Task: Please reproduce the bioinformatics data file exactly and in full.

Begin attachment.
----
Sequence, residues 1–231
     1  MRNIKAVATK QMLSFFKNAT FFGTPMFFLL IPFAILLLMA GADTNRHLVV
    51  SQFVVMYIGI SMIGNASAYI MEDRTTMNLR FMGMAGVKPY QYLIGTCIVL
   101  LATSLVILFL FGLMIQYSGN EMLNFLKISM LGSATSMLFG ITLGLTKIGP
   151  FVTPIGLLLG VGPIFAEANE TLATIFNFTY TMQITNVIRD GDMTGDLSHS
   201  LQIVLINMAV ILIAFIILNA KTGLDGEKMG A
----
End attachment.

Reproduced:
Sequence, residues 1–231
     1  MRNIKAVATK QMLSFFKNAT FFGTPMFFLL IPFAILLLMA GADTNRHLVV
    51  SQFVVMYIGI SMIGNASAYI MEDRTTMNLR FMGMAGVKPY QYLIGTCIVL
   101  LATSLVILFL FGLMIQYSGN EMLNFLKISM LGSATSMLFG ITLGLTKIGP
   151  FVTPIGLLLG VGPIFAEANE TLATIFNFTY TMQITNVIRD GDMTGDLSHS
   201  LQIVLINMAV ILIAFIILNA KTGLDGEKMG A